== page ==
I was also impressed to learn that Evans and Agee didn't just pop in and ask to take a quick series of photos, then leave to find other subjects. In some cases, as with the Burroughs family, they actually moved into their home and got to know the family, even participating in their daily life.
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Format: Kindle Edition Verified Purchase
As one who has long admired the FSA photos that make up a record of a key portion of our American heritage, it was good to find author and photographer Jerry L. Thompson's The Story of a Photograph: Walker Evans, Ellie Mae Burroughs, and the Great Depression offered here as a Kindle edition.

The author, who worked as his principal assistant during the last years of Walker Evans's life, takes us from the early years of Evans' life to his death in April 1975. I've always identified this iconic photo, usually known by its title "Alabama Tenant Farmer Wife" with the name Allie Mae Burroughs, but Jerry Thompson's explanation in this book clarifies that difference quite well:

"Evans's best pictures are fact and symbol at the same time. One of these best pictures--and certainly one of his best known--is the close portrait of Ellie Mae Burroughs. (She's sometimes called Allie Mae Burroughs, and in Evans's 1941 collaboration with the writer James Agee, Let Us Now Praise Famous Men, she is given the name Annie Mae Gudger)."

We find that in his early years as a creative talent who began by wanting to write, Evans was gratified to read that his works dealt effectively in metaphor, and was particularly pleased to find this comment "not in the pages of U.S. Camera or Popular Photography but in a magazine of general (and rather high-toned) cultural appeal."

Walker Evans began to take photos in the late 1920s, and as early as 1929 was trying to establish himself as an artistic photographer. He had taken snapshots during a European trip, and upon his return to New York, he published his first images in 1930.
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Ellie Mae Burroughs is the uneducated, poor wife a tenant farmer, yet her observation of the work of two brilliant students is the most astute of them all. She thought the picture ugly. This book tells the story behind the picture, the technical details, and the set up behind the portraiture. This picture of the Depression had been underwritten by Roosevelt in an effort to make the poverty of the South understood to Democratic voters. Much has been written about the use of people as subjects, but as Ellie said, "It's true dear."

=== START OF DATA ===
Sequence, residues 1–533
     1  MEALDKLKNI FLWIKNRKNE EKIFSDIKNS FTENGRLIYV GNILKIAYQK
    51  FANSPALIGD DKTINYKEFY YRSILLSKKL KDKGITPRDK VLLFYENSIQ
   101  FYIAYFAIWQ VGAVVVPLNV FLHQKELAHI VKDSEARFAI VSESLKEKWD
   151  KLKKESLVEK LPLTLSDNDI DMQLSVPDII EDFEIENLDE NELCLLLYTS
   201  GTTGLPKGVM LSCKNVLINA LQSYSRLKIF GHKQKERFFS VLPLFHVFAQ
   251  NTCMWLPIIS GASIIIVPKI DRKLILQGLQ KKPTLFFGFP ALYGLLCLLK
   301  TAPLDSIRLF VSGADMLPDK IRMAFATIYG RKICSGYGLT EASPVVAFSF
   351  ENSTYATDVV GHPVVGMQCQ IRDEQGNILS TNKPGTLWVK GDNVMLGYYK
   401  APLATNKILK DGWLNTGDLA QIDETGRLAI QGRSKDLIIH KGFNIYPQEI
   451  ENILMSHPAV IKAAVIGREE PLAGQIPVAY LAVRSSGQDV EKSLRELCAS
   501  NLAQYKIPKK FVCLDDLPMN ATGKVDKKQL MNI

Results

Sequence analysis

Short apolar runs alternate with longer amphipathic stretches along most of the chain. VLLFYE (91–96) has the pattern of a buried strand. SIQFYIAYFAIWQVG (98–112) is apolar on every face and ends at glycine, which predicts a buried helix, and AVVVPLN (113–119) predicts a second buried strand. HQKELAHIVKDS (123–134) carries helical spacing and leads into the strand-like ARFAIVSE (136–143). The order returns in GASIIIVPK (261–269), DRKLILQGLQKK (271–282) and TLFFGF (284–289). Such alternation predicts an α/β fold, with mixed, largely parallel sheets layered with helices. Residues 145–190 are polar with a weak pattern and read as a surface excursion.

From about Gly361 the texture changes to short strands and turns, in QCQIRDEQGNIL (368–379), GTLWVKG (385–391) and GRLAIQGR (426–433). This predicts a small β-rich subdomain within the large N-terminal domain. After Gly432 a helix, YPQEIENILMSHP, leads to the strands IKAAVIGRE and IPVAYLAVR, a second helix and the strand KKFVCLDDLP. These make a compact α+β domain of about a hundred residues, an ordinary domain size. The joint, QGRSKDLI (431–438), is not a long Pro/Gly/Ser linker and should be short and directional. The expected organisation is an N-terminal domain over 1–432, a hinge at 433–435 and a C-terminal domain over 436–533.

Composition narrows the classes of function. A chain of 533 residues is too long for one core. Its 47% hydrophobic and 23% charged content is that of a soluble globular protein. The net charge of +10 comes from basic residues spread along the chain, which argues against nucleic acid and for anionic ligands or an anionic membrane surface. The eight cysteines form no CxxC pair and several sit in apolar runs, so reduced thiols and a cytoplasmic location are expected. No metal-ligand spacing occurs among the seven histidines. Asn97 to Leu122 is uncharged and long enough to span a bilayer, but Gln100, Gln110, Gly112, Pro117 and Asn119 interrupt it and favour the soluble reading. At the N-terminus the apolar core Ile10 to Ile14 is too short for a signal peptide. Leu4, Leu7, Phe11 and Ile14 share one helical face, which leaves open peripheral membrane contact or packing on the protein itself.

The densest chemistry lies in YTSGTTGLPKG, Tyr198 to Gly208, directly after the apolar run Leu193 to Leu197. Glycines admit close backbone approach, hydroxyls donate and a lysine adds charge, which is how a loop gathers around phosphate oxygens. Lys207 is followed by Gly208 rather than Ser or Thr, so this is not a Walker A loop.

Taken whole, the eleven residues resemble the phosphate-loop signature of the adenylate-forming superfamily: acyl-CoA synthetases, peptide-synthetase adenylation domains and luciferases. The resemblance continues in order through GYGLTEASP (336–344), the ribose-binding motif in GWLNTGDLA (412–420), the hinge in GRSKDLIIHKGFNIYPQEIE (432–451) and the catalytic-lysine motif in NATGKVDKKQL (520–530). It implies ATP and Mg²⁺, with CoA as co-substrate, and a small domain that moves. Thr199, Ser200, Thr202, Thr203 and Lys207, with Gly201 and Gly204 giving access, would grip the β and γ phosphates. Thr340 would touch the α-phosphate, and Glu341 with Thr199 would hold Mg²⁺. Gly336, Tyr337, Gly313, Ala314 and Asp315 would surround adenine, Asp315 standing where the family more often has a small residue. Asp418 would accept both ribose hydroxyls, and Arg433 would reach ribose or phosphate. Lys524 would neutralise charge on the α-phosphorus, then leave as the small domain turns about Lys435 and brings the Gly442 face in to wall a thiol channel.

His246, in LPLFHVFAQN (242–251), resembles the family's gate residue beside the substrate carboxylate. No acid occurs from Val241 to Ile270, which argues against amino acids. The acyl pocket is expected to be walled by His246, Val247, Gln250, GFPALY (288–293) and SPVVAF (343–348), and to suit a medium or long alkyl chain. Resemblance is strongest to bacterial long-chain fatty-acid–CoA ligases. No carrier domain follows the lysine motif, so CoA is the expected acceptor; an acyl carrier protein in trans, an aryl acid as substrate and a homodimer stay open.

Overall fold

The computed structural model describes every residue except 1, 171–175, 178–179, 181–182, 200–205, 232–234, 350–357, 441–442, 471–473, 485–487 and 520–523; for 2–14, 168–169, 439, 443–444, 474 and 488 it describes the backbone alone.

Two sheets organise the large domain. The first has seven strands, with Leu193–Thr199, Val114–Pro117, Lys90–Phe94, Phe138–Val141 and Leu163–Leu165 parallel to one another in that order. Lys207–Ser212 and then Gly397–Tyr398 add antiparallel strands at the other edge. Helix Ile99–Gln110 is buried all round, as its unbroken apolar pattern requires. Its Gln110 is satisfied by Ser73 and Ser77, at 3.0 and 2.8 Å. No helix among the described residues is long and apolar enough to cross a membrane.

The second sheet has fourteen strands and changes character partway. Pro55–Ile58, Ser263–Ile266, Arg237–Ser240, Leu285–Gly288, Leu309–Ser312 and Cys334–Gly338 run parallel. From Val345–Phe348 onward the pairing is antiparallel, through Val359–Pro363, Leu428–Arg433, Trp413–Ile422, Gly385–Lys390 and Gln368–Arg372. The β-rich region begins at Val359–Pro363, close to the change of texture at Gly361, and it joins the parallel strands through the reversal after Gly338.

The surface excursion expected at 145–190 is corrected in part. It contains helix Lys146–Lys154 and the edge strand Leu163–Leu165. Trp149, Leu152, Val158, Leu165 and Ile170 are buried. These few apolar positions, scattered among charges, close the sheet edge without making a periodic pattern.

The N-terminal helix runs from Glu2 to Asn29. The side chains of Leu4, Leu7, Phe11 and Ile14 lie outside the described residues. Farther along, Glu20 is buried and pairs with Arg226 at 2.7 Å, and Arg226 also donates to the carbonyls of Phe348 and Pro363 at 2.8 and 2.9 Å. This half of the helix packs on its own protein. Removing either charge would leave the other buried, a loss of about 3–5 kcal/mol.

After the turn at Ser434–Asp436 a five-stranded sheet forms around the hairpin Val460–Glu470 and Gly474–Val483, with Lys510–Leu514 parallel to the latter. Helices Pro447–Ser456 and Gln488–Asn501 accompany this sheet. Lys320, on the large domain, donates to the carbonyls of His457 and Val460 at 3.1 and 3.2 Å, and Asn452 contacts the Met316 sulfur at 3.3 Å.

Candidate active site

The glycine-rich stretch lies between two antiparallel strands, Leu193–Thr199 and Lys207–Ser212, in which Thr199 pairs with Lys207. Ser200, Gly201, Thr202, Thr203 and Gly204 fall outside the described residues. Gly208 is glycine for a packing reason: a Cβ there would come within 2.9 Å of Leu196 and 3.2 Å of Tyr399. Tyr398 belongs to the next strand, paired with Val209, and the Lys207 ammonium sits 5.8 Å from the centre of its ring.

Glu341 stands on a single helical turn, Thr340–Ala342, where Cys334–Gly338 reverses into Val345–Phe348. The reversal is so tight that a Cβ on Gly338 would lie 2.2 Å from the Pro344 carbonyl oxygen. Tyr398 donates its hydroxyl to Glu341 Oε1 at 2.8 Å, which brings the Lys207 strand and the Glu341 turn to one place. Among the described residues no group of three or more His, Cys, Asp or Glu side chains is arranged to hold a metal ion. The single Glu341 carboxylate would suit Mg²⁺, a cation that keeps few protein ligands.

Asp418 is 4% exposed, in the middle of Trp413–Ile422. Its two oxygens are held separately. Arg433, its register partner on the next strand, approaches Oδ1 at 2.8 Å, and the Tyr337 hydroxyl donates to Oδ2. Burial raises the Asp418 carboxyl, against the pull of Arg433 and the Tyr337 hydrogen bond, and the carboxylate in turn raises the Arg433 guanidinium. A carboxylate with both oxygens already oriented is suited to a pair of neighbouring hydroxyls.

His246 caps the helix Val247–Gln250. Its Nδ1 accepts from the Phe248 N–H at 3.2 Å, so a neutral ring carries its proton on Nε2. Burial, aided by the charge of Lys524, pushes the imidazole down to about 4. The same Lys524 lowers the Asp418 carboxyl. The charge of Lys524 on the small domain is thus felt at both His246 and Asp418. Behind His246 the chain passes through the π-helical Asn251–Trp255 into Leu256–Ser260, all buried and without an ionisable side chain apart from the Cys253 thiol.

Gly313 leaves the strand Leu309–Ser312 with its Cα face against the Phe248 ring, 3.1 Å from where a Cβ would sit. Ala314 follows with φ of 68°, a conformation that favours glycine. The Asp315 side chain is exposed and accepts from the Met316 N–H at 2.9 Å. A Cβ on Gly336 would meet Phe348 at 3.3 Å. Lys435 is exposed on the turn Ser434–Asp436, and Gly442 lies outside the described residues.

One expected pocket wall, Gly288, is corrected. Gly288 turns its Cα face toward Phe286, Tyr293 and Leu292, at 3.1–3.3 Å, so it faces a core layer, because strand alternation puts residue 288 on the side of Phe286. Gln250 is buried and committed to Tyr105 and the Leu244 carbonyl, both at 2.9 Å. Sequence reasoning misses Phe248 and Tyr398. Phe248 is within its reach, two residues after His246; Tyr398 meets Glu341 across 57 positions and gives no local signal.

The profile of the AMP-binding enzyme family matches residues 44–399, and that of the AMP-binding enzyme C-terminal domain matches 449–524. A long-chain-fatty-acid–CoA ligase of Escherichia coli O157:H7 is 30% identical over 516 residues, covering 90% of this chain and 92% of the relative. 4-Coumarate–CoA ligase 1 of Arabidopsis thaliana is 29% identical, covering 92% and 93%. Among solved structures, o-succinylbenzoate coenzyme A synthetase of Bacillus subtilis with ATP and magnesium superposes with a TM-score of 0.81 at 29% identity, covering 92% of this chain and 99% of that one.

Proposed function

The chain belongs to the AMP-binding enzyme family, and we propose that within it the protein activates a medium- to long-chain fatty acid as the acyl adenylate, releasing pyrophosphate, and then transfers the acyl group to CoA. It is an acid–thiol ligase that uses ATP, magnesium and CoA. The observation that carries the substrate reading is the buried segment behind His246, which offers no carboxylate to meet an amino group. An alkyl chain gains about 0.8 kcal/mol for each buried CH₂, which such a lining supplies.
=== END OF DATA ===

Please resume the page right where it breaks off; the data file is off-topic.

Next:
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As a collector of original 19th and 20th Century photography, I've owned a number of FSA Depression era photographs by Walker Evans, Dorothea Lange, and Arthur Rothstein. So I was fascinated by this "The Story of a Photograph," an examination of one of Walker Evan's most famous images, that of Ellie Mae Burroughs, a young woman whose face came to symbolize America's Great Depression. An insightful and entertaining book, I'd recommend it to the serious photographer, collector, or historian.
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This is the story about an evolving artist and what was perhaps his most famous image. I read this after getting "Walker Evans - American Photographs." There is a good biographical sketch of Evans that I found quite interesting, and there is some discussion of the exploitation of the poor people in the south for his (and others) gain. That was food for thought.

All in all I found it to be a good read.
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I bought this kindle book because I am interested n pictures and Appalachian living in the depression era. That is not what it is about, the picture is quite deceiving! It is about the photographer and his journey to and in his trade.